Fine Dining in Germany

Third Generation: Emancipation towards a “New German Cuisine”

Given this background and the reputation of German Fine Dining to be classic with some individual touch what changed? In my opinion there are several developments which contributed to a foundation to a “New German Cuisine”:

  1. Chefs’ emancipation. After mastering the classic repertoire and using this a solid basis some young chefs began experimenting to develop a personal handwriting surely fueled by some stimulation from all over the world. Klaus Erfort, for example, said he continuously simplified his dishes by getting rid of unnecessary elements and abiding with “variations of…”. “It just happened” – there was no master plan.
  2. “Rediscovery” of German products. Traditionally German top chefs used the usual suspects like Brittany lobster and turbot, lamb from the Pyrenees, Atlantic sole, etc. In recent years some superb products of German origin made their way on the menus, e.g. Müritz lamb from the former TV journalist Klaus Schwagrzinna, Schwäbisch-Hällisches Landschwein (a premier pork quality), Bœuf de Hohenlohe and herbs from the Essbaren Landschaften to name just a few. Joachim Wissler was one of the first to reintroduce pork at three star level. Yes, there is some way to go but it’s moving in the right direction. Especially for the lower end of fine dining I continuously advocate the use of local products to differentiate form the high-end and become economically more viable.
  3. Increased public interest in higher-quality cooking and dining. From a rather homogeneous group of fans of simple cuisine (“gutbürgerlich”) there has been some “market segmentation”: On the one hand, some people are increasingly interested in healthier nutrition (mega trend health!) and more natural ingredients (hormone scandals!), do cook more (fueled by those TV chefs) and tend to dine out more. Interestingly, this is not restricted to the wealthy but encompasses also normal middle-class households who save their money to dine 2-3 times in a starred restaurant (like Heston Blumenthal who sold his car to eat at the best restaurants). On the other hand people don’t cook any more and are frequent visitors to fast food chains.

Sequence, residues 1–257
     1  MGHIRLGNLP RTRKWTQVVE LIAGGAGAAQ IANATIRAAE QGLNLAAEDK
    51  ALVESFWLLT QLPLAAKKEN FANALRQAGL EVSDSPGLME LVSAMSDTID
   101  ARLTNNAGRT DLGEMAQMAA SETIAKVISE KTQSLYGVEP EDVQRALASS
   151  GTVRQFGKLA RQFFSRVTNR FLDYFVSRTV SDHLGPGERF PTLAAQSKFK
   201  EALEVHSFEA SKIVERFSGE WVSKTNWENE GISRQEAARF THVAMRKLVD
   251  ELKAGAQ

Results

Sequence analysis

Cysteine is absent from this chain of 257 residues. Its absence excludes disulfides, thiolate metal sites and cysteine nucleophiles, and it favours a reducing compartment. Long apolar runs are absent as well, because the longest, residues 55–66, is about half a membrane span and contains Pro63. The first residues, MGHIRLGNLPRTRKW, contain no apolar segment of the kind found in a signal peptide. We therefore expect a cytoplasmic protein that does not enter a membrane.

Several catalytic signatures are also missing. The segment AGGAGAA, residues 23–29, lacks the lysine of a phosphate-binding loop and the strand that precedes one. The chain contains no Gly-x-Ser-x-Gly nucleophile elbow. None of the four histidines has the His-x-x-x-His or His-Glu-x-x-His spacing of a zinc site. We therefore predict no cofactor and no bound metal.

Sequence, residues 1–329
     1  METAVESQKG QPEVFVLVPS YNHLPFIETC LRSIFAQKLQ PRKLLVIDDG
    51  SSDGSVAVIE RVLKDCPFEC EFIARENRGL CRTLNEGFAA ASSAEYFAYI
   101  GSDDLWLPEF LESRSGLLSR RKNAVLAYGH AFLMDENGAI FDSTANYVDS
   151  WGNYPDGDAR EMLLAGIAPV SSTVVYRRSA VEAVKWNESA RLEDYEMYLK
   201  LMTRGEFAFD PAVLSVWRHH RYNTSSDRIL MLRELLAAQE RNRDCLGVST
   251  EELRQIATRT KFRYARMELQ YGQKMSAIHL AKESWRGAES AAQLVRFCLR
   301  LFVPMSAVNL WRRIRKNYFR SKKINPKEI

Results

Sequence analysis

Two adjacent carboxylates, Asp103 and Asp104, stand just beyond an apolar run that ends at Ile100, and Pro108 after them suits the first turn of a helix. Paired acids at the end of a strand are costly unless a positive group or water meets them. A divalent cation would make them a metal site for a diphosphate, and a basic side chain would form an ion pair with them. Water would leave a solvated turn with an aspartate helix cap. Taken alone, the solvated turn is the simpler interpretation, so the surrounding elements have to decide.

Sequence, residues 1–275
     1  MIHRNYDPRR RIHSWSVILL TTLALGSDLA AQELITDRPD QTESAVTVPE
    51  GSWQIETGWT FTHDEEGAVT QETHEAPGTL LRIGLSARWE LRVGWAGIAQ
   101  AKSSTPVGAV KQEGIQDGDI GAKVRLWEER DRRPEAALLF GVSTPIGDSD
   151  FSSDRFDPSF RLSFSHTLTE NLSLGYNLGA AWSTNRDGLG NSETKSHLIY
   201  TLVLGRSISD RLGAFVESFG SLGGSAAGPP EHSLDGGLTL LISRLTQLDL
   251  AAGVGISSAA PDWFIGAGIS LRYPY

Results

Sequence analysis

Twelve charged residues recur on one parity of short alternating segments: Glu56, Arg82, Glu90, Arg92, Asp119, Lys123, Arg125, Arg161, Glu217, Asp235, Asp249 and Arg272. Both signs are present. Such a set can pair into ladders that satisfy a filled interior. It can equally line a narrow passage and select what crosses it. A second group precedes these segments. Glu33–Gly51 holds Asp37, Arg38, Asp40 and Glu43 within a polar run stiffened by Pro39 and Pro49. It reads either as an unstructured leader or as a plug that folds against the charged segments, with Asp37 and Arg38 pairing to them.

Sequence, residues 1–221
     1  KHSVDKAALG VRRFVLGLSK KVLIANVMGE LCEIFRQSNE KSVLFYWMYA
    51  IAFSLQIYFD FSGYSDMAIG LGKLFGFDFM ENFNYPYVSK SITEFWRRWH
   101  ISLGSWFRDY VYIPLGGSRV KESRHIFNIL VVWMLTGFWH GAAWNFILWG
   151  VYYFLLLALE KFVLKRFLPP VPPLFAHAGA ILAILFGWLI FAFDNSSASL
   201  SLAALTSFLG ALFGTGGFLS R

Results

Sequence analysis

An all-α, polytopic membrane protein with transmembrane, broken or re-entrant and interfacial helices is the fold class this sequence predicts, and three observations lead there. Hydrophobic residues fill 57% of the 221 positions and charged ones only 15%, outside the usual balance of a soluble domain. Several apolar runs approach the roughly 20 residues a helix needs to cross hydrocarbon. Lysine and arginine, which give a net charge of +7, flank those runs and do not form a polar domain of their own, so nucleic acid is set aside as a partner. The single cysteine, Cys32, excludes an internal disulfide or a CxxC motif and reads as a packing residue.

Let me now introduce you to some of the protagonists:

On the forefront of developing a German approach to Fine Dining is clearly Joachim Wissler. When he got his third star in 2005 his cooking was rather classic but made a huge leap forward in recent years. Now he is internationally regarded as one of the best chefs in the world (see the first review on Lo Mejor and the highest new entry on the Pellegrino list at rank 34). His cuisine is the most intellectual in Germany using the whole spectrum of techniques and continuously pushing the frontier. Wissler was recently voted best chef in Germany his Top100 peers.

Technical Mastery and Continous Evolution

Wissler: Technical Mastery and Continous Evolution